Monday, October 6, 2014

Rationally Speaking - it's not all sunshine and backslapping for skepticism

The latest episode of Rationally Speaking was a quite interesting and engaging episode.  The only downside to it was the sound quality was uneven.  It was annoying but did not take away nearly enough to stop listening.  

a few dark clouds over the happy castle of skepdom
Hosts Massimo Pigliucci and Julia Galef joined by guest Dr. Steven Novella engaged in about an hour long discussion on skepticism which was followed by a question and answer session.  There was a Q and A as this episode was recorded live at Baruch College.  The entire episode was a very blunt and thoughtful discussion on skepticism itself and some of the errors or mental traps skeptics can fall into while attempting to be critical thinkers.  The overriding message of the discussion was that skepticism is hard.  One is constantly having to make judgment calls, and continually call into question one's own prejudices. Just knowing all the logical fallacies and throwing them out in the midst of debate of a topic falls short.  Perhaps even far short of actually exercising the tools of scientific skepticism.  Also noted by Dr. Novella was that the cultural competition is learning to turn logical fallacy naming in their favor.  They are trying to at least sound like us even if they are doing it backwards.  (I suspect the unspoken underlying thought put forth is that perhaps some skeptics are doing it backwards too.)

Touched upon during this episode are the pitfalls of mixing skepticism with a political or ideological goal.  My take away is that Dr. Novella is less willing to skirt such a line, and avoids such mixing wherever possible. Pigliucci is more willing to risk it.  However, everyone seemed to agree it can get very murky very quickly.  Dr. Novella ably noted that the risk is that one will confuse their own value judgments for skeptical or critical thinking analysis.  This caused me to ponder that once one confuses a value for a fact things can get messy, and ugly ala my daily twitter feed.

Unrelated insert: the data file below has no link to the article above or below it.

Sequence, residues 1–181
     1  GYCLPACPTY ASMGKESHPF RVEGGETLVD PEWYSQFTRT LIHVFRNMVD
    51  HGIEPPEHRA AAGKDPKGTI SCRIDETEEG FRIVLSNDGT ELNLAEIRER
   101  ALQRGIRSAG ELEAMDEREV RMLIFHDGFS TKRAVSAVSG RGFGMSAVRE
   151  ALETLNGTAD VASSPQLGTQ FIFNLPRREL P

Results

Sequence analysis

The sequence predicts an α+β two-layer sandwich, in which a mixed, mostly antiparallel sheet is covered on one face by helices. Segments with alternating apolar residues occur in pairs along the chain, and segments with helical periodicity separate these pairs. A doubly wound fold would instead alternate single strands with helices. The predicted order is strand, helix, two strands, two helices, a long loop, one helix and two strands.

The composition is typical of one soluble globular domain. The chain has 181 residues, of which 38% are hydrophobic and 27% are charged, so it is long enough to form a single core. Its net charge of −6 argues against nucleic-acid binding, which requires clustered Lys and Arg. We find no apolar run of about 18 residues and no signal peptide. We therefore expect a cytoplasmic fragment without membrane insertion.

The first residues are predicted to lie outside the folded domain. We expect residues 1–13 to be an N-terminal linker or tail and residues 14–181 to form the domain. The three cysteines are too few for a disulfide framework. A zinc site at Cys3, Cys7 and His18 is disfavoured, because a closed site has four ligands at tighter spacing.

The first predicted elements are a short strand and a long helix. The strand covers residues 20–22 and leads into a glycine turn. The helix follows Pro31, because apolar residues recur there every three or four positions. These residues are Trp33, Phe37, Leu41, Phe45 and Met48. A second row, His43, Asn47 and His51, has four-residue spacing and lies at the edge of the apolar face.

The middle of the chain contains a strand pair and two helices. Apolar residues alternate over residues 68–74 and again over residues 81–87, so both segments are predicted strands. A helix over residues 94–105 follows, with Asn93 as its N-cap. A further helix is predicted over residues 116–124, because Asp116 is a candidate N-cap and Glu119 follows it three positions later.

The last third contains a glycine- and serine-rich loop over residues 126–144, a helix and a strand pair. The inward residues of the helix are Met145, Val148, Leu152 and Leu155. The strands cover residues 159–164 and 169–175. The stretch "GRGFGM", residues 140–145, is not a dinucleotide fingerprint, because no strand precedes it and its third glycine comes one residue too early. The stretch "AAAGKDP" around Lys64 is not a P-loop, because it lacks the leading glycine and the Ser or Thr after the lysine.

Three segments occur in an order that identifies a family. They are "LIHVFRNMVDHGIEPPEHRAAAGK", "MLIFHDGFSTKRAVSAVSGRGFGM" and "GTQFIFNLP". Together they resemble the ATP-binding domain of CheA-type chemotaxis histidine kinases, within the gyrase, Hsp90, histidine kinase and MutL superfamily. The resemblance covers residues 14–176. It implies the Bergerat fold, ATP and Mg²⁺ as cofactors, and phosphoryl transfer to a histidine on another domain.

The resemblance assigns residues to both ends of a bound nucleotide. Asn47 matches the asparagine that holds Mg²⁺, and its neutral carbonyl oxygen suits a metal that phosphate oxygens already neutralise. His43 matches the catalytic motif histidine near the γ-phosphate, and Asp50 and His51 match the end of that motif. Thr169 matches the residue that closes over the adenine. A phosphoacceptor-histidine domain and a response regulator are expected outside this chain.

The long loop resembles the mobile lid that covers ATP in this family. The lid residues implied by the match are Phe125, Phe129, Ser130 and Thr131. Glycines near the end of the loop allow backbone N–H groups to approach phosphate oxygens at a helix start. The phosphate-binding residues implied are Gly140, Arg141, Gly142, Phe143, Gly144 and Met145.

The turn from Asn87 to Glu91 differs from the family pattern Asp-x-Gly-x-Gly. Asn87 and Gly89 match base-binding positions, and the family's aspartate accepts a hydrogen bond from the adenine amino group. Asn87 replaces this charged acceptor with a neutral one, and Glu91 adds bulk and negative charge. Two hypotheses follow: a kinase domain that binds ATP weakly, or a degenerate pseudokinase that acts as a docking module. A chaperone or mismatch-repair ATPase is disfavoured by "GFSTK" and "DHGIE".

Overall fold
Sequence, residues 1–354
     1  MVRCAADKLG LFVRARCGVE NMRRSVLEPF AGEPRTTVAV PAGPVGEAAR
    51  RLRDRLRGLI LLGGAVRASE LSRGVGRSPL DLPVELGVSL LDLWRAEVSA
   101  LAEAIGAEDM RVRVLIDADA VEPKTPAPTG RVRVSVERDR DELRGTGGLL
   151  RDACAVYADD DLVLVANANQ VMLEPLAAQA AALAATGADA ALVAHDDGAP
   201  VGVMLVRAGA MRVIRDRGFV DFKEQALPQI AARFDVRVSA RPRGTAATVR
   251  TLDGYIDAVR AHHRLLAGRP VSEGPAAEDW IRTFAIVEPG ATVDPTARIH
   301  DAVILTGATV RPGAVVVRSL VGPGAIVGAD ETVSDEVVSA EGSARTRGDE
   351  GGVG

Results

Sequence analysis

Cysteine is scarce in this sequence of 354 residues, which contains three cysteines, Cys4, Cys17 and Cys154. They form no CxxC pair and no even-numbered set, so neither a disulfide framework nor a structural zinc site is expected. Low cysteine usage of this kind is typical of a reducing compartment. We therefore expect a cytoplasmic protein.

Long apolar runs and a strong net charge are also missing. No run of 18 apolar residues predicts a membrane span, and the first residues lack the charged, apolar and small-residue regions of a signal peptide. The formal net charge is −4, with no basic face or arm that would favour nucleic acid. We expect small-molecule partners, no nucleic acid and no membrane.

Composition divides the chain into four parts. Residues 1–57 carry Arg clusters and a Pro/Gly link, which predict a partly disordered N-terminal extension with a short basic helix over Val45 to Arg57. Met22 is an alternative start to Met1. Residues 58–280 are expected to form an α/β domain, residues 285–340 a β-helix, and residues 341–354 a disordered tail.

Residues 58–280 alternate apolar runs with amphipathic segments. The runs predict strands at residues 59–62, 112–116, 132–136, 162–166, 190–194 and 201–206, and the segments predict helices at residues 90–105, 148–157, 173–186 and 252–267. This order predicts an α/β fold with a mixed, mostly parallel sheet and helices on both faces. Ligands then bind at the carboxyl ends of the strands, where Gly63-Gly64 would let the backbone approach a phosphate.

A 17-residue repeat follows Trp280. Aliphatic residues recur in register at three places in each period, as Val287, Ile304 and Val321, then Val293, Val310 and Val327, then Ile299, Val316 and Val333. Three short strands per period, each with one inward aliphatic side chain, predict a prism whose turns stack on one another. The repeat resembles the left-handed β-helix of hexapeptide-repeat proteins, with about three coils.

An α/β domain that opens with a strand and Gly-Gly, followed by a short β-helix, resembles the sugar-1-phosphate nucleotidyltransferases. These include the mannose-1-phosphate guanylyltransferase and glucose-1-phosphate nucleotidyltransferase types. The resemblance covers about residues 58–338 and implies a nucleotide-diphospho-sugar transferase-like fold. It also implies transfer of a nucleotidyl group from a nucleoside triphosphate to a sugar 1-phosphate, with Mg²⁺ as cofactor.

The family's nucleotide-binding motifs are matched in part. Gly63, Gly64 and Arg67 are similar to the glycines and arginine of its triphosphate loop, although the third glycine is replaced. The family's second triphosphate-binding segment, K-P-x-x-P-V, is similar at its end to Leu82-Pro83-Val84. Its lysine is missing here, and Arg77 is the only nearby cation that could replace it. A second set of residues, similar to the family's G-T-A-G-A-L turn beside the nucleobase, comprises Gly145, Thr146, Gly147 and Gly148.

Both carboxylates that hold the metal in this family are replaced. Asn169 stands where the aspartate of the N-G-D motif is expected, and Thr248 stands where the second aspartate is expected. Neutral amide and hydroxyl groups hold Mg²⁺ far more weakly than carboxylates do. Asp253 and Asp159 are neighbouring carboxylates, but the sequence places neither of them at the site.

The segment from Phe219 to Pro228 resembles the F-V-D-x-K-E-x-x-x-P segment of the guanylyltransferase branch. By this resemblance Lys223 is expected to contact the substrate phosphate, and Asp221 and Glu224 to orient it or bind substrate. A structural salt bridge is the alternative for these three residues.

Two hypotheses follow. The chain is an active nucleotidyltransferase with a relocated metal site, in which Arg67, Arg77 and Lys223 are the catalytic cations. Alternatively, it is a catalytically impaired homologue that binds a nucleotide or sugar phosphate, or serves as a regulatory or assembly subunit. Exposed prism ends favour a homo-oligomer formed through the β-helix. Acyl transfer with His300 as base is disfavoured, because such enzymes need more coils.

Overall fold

Another highly interesting topic touched upon is "the framing issue." It sure seems that skepticism has had and continues to have problems getting its message to the public.  Just giving the facts based upon the best evidence available and sharing the scientific consensus on matters and then assuming reason will prevail on the public at large does not work.  How does one frame, and therefore to some extent manipulate, the audience so that people are more likely to go with reality, and not some more comforting or compelling untruth?  One can rattle off all of the evidence and sound science that the Earth's climate is changing, is changing rapidly, and human activity is the cause for this rapid climate change and get nowhere fast.  How does one tell people the truth without exaggeration or resorting to twisting the truth and yet get a broader swath of the audience to buy into the science.  It smacks of advertising.  How to sell reality with a twist smacks of deceit.  Yet, a better way to message to the public is vital to actually accomplish anything other than to meet at cons and read blogs within the skeptical community.  

In order to tackle some of the above issues, Dr. Novella and Dr. Pigliucci have joined forces and are in the beginning stages of authoring a book on scientific skeptical thinking.   They still are not sure if it will be more like a text book or something authored for a wider audience.  I agree that a new text on the basics, and sharing what they have observed and learned on how skepticism has fallen down would be useful.  It sounds like a large undertaking, and a big pain.  I hope they are able to follow this through to completion.  
The Who gets it

In part, I think I was so taken in by this episode because I have been noticing over the past couple years a shift in the skeptical landscape.  As I listened to the episode, it struck me that many of the topics noted above have been touched upon by the crew at Skeptics with a K.  Marsh, Colin, Mike, and Alice have noted a few times that skepticism is more than just tossing out logical fallacies in an online debate.  Someone's logic could be terrible but still correct in the assertion and vice versa.  Marsh as a guest on the Skeptic Zone talked about how skeptics should portray themselves to the public to not just piss people off.  This touches upon the framing issue.  

Skepticism, if not broke, is surely not firing smoothly on all cylinders as of late.  This was one of the few times that a discussion of the problems of skepticism was an actual introspective review and not a cover to bitch at what some other group or person was doing wrong within skepdom.  Being skeptical is hard.  It's not cut and dried, and takes a lot of energy which nobody can ever do 100% of the time.  This podcast I hope is a nice jumping off point. If not for a civil general discussion on failing within skepticism, then at least causing folks to take a moment to ponder the issue for one's self.  

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